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The Details: I live in Santa Fe, New Mexico (7,000 foot elevation), and I have a 1983 Bosch fuel injected Spider that runs decently, burns no oil (or other smoke), but smells like it's running rich. The engine was rebuilt by PO 40,000 miles ago. Body and rest of original factory equipment has 209,500 miles on it as of yesterday.

We hope to be moving to Southern California fall of 2011. I would love to take this car with us, but I really don't think that it will pass the smog test as it sits now. As I understand, with almost 210K on the engine vacuum hoses, etc, there could be small leaks causing it to run rich. Also, as far as I know, the O2 sensor is original, as is the catalytic converter.

If I put new hoses, a new O2 sensor, and a cat, do you think that it would pass emissions? Any other suggestions would be helpful.
 

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There is no reason your 83 should not pass.
Important to replace O2 sensor.
Also it MUST be running at temp (18oto 190 degrees) if not it will run rich (computer thinks it is still warming up.
Lastly the injectors will most likely need to be ultrasonic/solvent cleaned and blueprinted (not expensive if you do it yourself and send the injectors out).
Cat can be cut out and replaced, if necessary.
TTFN Elio
 

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Thanks! I had planned on cutting out the cat and either running a small muffler/expansion chamber, or a new cat if we do move on schedule.
 

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Replace the cat in New Mexico as it'll be cheaper. Cats sold in CA need to be CARB certified...not that it'll work any differently but it'll cost you more. Also, make sure to fix any rich running problems before replacing the cat or you'll end up damaging the new one.

Rich running is most likely old oxygen sensor or coolant temp sensor. Go through the l-jet guide at http://www.hiperformancestore.com/Ljetspider.htm for starters.
 

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Replace the cat in New Mexico as it'll be cheaper. Cats sold in CA need to be CARB certified...not that it'll work any differently but it'll cost you more. Also, make sure to fix any rich running problems before replacing the cat or you'll end up damaging the new one.

Rich running is most likely old oxygen sensor or coolant temp sensor. Go through the l-jet guide at Bosch L-jetronic Fuel Injection Idle Adjustment Diagnostic and Tune Up Technical Article Alfa Romeo Spider Specific for starters.
Yeah, the cat will be the last thing I put on. I wouldn't be surprised it the OEM cat is slightly clogged.

Are Magnaflow cats CARB certified?
 

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I do agree with the previous suggestions to replace the O2 sensor. Typical life is ~ 60,000 miles. More than 90,000 miles is past due. Even if it is still 'working' they get sluggish as they age. The computer will ignore invalid or very slow responses and remain in 'open loop' (no feedback) mode. The open loop fuel map is slightly rich.

Check the CTS (Coolant Temp Sensor). It tells the computer when the engine reaches proper operating temperature. Until then it remains in the slightly rich mode. If the CTS is faulty (or the thermostat is stuck open) you won't get computer control of the mixture.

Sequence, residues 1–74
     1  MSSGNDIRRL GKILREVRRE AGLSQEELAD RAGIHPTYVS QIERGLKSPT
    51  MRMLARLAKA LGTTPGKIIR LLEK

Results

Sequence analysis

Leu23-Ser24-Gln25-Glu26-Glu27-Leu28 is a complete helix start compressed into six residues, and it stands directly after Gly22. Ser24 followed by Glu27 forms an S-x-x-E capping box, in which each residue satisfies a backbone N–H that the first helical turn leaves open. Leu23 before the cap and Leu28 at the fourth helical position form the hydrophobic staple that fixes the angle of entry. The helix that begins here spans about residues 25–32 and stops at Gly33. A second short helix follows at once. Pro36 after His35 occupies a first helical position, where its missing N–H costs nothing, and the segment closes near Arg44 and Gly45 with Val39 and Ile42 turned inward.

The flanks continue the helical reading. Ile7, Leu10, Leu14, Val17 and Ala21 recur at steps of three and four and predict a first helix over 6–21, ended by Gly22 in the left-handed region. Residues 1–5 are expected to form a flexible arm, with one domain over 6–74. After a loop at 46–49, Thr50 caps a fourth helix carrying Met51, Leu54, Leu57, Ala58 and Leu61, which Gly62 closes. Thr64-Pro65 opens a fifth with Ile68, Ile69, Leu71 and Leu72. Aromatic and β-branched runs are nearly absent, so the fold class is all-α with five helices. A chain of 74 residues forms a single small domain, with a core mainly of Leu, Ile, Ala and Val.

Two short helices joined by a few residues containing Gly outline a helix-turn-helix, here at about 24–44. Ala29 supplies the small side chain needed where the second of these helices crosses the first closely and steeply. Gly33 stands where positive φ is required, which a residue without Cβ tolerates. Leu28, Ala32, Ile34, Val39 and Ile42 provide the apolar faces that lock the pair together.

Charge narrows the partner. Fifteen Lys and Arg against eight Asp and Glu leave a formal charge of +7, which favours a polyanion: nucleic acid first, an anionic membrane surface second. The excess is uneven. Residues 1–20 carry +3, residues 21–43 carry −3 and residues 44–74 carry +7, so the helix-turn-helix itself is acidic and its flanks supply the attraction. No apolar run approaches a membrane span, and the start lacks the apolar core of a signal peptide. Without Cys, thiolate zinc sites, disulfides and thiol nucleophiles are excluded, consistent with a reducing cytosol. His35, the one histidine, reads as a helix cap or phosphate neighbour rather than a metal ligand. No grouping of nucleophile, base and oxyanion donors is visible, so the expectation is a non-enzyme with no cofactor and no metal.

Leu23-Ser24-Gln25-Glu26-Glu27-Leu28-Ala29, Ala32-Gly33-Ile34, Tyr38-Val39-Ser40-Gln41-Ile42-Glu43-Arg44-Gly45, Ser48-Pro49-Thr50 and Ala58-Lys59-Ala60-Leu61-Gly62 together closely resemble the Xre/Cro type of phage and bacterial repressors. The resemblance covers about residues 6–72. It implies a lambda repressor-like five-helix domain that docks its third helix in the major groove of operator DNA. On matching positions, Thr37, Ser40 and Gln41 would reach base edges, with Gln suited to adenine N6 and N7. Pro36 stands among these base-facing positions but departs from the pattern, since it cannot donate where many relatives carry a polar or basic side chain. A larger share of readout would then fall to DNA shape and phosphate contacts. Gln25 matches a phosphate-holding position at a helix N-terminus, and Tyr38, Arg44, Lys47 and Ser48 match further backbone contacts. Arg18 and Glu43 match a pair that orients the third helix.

When you replace the O2 sensor, consider installing a heated O2 sensor. It will heat up faster and remain active longer (usually even at idle speeds where the original non-heated O2 sensor cools off and the computer reverts to open loop mode). There is info about installing a heated sensor in the SPider FAQ thread at the top of the page.

When you say, 'smells like it is running rich' - are you sniffing a raw fuel odor?

There is a fuel vapor recovery system in your Spider. Often the one-way valve and air intake valve get gummed up and stick. That can prevent the vapor recovery system from functioning and lead to very strong fuel odors. Remove them and clean then with a few squirts if carb cleaner.

There is also a restrictor in the fitting that enters the top of the vapor separator tank. That can get clogged, too. Poke it clean with tiny soft wire (I use a single strand of copper electrical wire).
 

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Discussion Starter #8
Eric, thanks! There is no raw fuel smells. When I replaced the rubber fuel filler hose, I checked the evaporative valves and they were fine.

Some of the smells that I am calling "rich" could also just be leaking oil burning on the exhaust system, as it does leak oil at the rear engine seal.
 

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Try cleaning (or replacing) the Oil Vapor Separator. It is plumbed into the intake system to scavange oil vapors from the sump. When (not if...) it gets clogged up it will mess with the scavanging and can lead to high internal engine pressures - encouraging oil leaks.

Soak it in solvent until you get all the gunk out. Also check the small diameter hose leading out of the bottom. That is intended to return condensed oil back to the sump. That hose can get clogged, too.

There is a BB member who had some reproduction OVS's fabricated. The originals were plain steel (and can rust through) but his replacements are stainless steel - they should last much longer. I think he has some left to sell.

 

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Discussion Starter #10
Yeah, I bought a clean OVS; I just need to install it with new hoses.
 
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